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Vibratory feeders have many applications in packaging. One common use is orientation and feeding of caps and stoppers on capping machines. Other common applications include feeding components into cartons and tablets into blisters or bottles. Large vibratory troughs are used to gently convey and feed bulk product like potato chips. Vibratory feeders are used in combining scale fillers to meter product into the weighing buckets. Vibratory feeders are often used in clean rooms because, not moving, they generate few particulates.
Vibrators are used in hoppers to break up clumps of product, prevent bridging and otherwise assist in gravity flow. These provide an undirected vibration and are outside the scope of this white paper. Vibratory feeders provide a directed vibration to move and orient products.
Other than back and forth vibration, vibratory feeders do not move. Unlike the jiggling vibrators used on hoppers, they cause the product to move in a controlled manner. They do this by combining both vertical and horizontal elements in their motion. They can be circular, generally called vibratory bowl feeders, or linear, often called inline feeders or vibratory conveyors.
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Many packages will include coupons, leaflets, cards or similar. These may be dropped inside a carton or glued to the top or side of the package. Two types of feeder may be used for this. Both begin with the leaflets loaded into a magazine.
The belt feeder is generally best where exact placement is not critical such as dropping a leaflet into a carton. Some belt feeders have a perforated belt with vacuum underneath. Others rely in belt friction alone. As it passes under the magazine, the belt slides the bottom leaflet from the magazine. Guides prevent more than one leaflet at a time being pulled out. Subsequent top guides and sometimes powered belts, prevent the leaflet from slipping on the feed belt. At the end of the feed belt, the leaflet is discharged into the carton.
When higher speeds or more precise placement are required, an orbital placing feeder may be a better choice. The magazine will usually be horizontal or inclined rather than vertical. A wheel or arms with rotating suction grippers rotates past the magazine. As it does, the suction cups pick up the outermost leaflet. As the wheel continues rotating, the leaflet aligns with the package and is released. An advantage of this tyle of feeder is that it can apply glue to the leaflet then positively apply the leaflet to the package as it makes contact.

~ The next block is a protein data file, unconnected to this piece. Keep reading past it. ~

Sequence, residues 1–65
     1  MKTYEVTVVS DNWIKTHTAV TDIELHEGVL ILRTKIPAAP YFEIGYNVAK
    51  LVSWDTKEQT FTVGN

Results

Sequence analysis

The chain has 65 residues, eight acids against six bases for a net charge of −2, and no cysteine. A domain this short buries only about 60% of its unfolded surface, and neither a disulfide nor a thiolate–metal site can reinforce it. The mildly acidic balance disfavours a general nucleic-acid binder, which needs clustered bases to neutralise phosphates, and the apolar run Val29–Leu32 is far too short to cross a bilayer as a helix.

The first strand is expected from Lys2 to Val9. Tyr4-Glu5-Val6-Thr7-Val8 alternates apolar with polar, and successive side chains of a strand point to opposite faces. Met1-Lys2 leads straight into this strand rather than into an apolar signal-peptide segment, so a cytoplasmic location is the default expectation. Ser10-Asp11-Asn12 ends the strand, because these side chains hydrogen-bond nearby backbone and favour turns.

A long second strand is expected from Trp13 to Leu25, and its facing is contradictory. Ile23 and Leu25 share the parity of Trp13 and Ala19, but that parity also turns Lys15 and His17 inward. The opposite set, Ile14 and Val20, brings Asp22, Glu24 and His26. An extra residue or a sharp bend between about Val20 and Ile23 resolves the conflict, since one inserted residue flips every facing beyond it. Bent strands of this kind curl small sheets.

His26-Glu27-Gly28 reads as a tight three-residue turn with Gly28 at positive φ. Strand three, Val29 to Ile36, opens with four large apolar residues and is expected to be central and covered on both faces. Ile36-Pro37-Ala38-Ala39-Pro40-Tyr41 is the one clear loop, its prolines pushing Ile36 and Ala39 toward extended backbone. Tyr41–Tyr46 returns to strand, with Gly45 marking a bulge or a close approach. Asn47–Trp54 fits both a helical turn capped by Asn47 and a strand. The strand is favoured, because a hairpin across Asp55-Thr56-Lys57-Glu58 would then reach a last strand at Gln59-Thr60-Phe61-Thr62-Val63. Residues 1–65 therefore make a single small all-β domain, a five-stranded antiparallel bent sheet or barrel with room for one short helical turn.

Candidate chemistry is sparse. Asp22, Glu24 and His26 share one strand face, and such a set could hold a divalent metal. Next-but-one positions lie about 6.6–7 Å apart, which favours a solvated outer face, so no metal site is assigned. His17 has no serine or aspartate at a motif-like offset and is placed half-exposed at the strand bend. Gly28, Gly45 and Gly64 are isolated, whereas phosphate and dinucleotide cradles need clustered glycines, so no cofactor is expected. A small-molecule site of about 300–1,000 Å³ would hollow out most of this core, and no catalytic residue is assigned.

When there is a need to move bulk product from one place to another or one elevation to another, there are several options available.Screw conveyors generally work best for powders or granular products and are occasionally used for semi-solid products. They can be designed for horizontal, angled or vertical mounting. Screw conveyors consist of a screw enclosed in a metal or plastic tube. Several types of screw are available. One style is a solid rod with screw flights welded to it. These are generally more efficient but are not flexible.
Shaftless screws form the screw from a continuous strip or rod with no center shaft.
Similar in external appearance and usage is a drag-chain conveyor. This uses discs attached to a continuous chain to move the product within a tube. A disadvantage to this style is that that it required a return tube, increasing the size of the system.
More delicate products do not lend themselves well to screw feeding conveyors. Bucket conveyors may be the answer. Plastic or metal buckets are suspended from 2 side chains. The buckets are swiveled so that they always remain horizontal as the conveyor direction changes from horizontal to vertical and back to horizontal. At the discharge point, as the buckets go over the nose of the conveyor, they are guided parallel to the conveyor chain dumping the product into the discharge chute.
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